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When I say I believe in God, I never know what people think that means. I am confident that God isn’t some human-like entity living in the sky watching over us. I also don’t think God determines every choice I make or is looking after me in a direct and personal way. I also don’t believe that God is a person, or even an entity in any way that we normally mean.

I also don’t mean that I am 100% certain God exists. I realize that faith comforts me and that I may be tricking myself because it makes me feel good. I also know that the consciousness is complex and can even create a faith experience that is entirely inside my own self. I don’t KNOW that God exists, yet I do believe that God exists as a choice.

I believe that God is one. I believe that God is beyond human comprehension and best described as a force or power that fills the Universe. My consciousness and self emerge in part because that Divine energy permeates and fills me. The existence of that Divine force, as MLK said, bends history towards justice. It is a force or energy that can inspire, heal, and connect.

God’s personal name in Hebrew is four letters – yud, hey, vav, hey. Those letters spell out the word “is” in a language that lacks a present tense form of the verb “to be.” God’s name is Is. God is existence, beingness, thingness. One outcome of this view is that God never does anything. Our actions and behaviors are separate from our identity. I may act one way one day and another on a different occasion. God, by contrast, just is.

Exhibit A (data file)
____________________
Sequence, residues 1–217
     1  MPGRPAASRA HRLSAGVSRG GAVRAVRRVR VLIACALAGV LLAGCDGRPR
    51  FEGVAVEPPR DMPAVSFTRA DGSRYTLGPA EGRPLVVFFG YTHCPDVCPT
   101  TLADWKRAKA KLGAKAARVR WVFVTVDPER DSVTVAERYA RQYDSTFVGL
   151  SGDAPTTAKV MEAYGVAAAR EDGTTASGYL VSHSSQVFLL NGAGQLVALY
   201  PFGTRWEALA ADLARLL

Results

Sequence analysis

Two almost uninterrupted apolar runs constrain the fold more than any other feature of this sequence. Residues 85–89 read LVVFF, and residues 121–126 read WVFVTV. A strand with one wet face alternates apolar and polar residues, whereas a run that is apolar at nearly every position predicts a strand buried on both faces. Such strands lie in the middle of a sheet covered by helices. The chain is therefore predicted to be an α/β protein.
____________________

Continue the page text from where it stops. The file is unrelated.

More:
That means God didn’t bring us out of Egypt with a mighty hand and an outstretched arm. That is a metaphor to describe an experience the Israelites had of the Divine motivating and orienting them towards redemption. Moses’ ability to connect with – and be inspired by – that Divine energy made him a conduit of redemption that allowed a Divine drama to unfold.

For me, prayer is a practice that allows me to orient towards the Divine. When I am attuned through prayer to God something changes in me, that opens up joy and creativity and healing. I feel more whole and more able to act from the deepest core of my being. Expressing my hopes and fears and worries to God lets all the ego-self barriers disappear and opens the core of my being to something greater.

When I ask for something in a prayer, I don’t mean that God will or should do it. I mean to express a heart yearning and a desire for that yearning to be seen and held by God. When that yearning reflects something in God, then it may find a pathway to being expressed in the world. Sometimes someone finds healing. Sometimes I figure out how to achieve that for which I pray. Other times, it is as if God says “no.” The yearning is still held lovingly, though. For me, the point of the prayer isn't to be answered. That would be magic. Rather, the point is to open my heart and self in the loving embrace that is God.

I am curious: how do you experience God? And if you don’t believe, where do you find comfort and purpose?

With love-

Rabbi David Booth


Tue, September 26 2023 11 Tishrei 5784